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USA Today Sports Media Group
USA Today Sports Media Group
Mike D. Sykes, II

The NBA’s stars coming to James Harden’s defense is a lesson we should all learn from

This is the online version of our daily newsletter, The Morning WinSubscribe to get irreverent and incisive sports stories, delivered to your mailbox every morning. Here’s Mike Sykes.

I’ll be the first person to tell you that James Harden bears some of the blame for his tiff with Daryl Morey. He made his bed and now he has to lie in it.

Harden is the one who chose to take a pay cut so the team could land a few more players that might help the 76ers get to the promised land. He’s the one who flirted with the Houston Rockets all season. He’s the one who opted into his contract in a situation he very clearly doesn’t want to be in anymore.

Both sides are at fault here. Did Morey lie to him? Probably. But if Harden plays better in the playoffs, he’s probably got the deal he wants right now.

With that said, it’s nice to see so many of Harden’s peers defending him over the last few days.

PJ Tucker dropped a post on Instagram indicating that he’s siding with Harden in the situation. His former Nets teammate Kyrie Irving even defended him in a response to Adrian Wojnarowski’s tweet about the Harden situation, arguing that the 76ers star shouldn’t be called “disgruntled.” Andre Iguodala argued the same thing on Gilbert Arenas’ podcast.

Whether Harden has some culpability in the situation doesn’t matter to them. These players are defending him anyway. These players are saying exactly what they should say. They should be defending him.

This is a lesson in solidarity from the NBA’s top class. It’s something I think all of us could learn from.

For example, just look at the NFL’s running back situation. The league’s best ball-carriers don’t feel like they’re being paid enough and it’s hard to argue with them.

The value they bring to the offensive side of the ball in the NFL is tremendous. Yet these backs are typically paid like the least valuable position on the field because of how replaceable they are. That’s not to say a good running back is easy to find, but it is way easier to stumble upon a good RB than a good quarterback.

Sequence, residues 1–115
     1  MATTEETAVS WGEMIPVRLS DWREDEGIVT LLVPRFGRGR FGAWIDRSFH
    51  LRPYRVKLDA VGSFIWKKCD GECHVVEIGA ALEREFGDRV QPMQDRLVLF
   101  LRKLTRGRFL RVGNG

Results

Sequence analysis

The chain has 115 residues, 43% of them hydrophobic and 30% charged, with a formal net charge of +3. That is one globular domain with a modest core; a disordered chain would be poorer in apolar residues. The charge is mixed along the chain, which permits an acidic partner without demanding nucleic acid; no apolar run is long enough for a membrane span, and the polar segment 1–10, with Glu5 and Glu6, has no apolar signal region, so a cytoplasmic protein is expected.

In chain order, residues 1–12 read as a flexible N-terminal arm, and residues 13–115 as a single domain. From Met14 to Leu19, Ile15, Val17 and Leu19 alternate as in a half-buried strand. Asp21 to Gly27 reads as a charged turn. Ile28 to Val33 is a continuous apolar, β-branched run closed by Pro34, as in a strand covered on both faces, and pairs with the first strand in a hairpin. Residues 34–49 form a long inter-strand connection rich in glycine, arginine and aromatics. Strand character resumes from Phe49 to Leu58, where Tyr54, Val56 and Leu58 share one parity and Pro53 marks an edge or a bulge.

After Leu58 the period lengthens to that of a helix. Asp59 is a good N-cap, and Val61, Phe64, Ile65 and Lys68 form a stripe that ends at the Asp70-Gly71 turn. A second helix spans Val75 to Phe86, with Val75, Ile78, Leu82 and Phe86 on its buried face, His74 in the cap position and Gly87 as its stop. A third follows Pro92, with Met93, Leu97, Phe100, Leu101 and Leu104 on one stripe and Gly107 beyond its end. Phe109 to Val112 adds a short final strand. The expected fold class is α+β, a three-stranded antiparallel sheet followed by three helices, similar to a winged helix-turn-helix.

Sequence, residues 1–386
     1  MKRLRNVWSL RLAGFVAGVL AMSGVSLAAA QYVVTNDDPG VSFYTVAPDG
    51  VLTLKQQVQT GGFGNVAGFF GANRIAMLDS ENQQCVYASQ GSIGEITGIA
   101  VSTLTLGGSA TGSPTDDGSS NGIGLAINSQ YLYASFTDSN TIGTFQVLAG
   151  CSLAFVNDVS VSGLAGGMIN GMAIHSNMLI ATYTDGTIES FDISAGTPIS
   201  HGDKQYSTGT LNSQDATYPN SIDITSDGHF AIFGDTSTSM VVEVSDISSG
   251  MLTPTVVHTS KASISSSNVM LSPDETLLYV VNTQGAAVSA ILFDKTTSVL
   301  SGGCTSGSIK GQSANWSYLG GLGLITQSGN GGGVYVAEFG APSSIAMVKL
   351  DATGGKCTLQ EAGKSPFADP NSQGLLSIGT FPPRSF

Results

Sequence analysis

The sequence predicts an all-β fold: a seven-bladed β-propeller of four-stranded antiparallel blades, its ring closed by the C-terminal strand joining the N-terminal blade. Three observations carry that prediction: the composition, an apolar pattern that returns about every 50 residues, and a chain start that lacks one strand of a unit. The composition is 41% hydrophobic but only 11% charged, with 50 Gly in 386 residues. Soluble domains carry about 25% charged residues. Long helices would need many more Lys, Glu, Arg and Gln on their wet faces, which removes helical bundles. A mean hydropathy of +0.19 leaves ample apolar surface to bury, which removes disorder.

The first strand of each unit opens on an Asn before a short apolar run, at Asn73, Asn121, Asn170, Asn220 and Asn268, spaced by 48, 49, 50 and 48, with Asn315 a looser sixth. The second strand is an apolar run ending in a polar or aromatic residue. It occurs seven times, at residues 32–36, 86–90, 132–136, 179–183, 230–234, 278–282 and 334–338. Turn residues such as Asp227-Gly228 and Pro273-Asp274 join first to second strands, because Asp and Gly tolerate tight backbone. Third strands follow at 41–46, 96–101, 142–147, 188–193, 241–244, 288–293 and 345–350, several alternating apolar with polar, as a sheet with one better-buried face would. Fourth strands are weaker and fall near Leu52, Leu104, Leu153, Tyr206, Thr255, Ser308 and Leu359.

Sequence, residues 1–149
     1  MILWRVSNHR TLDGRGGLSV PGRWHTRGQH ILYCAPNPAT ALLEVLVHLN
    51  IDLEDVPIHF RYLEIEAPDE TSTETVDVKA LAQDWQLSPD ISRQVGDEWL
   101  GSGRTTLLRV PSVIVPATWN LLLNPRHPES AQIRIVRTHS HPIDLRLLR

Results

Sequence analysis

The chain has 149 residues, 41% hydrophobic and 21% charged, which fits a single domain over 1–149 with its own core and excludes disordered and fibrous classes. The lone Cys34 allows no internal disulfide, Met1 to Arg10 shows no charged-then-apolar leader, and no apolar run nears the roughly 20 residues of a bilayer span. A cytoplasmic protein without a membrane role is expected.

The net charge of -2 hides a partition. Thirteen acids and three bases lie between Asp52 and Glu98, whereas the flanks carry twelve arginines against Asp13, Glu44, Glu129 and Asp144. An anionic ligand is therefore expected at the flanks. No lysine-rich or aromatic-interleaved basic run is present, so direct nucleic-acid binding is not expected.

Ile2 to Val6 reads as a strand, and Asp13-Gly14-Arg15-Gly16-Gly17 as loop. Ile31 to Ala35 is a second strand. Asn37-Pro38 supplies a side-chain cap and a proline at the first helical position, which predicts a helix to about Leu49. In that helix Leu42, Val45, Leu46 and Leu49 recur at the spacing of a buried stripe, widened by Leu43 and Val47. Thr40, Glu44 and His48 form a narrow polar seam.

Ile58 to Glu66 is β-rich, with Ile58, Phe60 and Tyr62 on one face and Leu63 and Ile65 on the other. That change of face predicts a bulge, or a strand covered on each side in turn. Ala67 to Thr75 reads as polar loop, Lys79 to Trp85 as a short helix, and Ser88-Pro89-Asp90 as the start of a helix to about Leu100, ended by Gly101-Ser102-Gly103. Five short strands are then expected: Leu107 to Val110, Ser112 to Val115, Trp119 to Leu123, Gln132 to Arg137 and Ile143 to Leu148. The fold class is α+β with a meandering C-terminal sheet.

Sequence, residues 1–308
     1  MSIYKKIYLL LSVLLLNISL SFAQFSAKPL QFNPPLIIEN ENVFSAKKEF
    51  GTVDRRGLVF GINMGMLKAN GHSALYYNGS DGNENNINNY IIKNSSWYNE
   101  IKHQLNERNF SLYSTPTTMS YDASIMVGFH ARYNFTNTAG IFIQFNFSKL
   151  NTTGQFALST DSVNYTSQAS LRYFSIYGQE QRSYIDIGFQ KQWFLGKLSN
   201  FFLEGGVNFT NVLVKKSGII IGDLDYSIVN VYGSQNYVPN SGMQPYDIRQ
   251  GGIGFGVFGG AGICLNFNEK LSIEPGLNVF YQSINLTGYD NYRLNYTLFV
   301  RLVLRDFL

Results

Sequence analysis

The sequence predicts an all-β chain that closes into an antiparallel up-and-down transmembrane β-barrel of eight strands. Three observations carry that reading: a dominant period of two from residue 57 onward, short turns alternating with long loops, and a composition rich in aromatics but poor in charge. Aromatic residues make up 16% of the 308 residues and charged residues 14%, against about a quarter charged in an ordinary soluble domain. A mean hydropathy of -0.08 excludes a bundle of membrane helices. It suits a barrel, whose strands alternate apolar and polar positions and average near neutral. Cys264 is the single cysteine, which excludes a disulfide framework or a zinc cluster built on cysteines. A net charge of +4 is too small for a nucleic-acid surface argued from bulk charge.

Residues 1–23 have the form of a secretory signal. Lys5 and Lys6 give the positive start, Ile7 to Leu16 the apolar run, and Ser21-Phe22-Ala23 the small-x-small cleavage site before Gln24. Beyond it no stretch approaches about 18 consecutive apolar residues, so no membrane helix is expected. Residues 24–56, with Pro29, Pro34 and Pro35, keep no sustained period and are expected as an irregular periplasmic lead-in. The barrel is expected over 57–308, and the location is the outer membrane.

But maybe if one of the NFL’s top stars like, say, Patrick Mahomes or Aaron Rodgers sat in on that Zoom call between the league’s top running backs then it’d have been taken a little more seriously. Maybe it wouldn’t have changed anything in the immediate future, but it certainly would’ve at least sent a message to the top of the league that these players are sticking together. That’s going to matter come 2030 when the NFL’s CBA expires.

These players, across all their different sports, have to be there to help each other. Tucker, Iguodala and Irving know that anyone in the league could be in Harden’s situation.

Maybe the numbers aren’t as gaudy for everyone, but that’s not just what this is about. In its simplest form, this is just a player trying to work himself into the most favorable position possible. Every player should support that.

The only thing that could potentially change that is public pressure. The NBA’s stars are applying it. Good on them for it.

Quick hits: Mrs. Met got y’all acting weird online … Improving the USWNT … and more 

(Photo by Elsa/Getty Images)

Mrs. Met got the internet all steamy and lusty on a Wednesday. What a time to be alive. Mary Clarke has more.

— Our Mitchell Northam is floating out 5 potential replacements for USWNT’s head coaching position after Vlatko Andonovski resigned.

— Our Prince Grimes was in his bag with this headline. That’s a TLC bar in 2023. Wowwwwww.

— In news that will certainly be a shock to you, Deshaun Watson still looks terrible with the Browns. Cory Woodruff has more.

That’s all, folks. Be kind to one another today.

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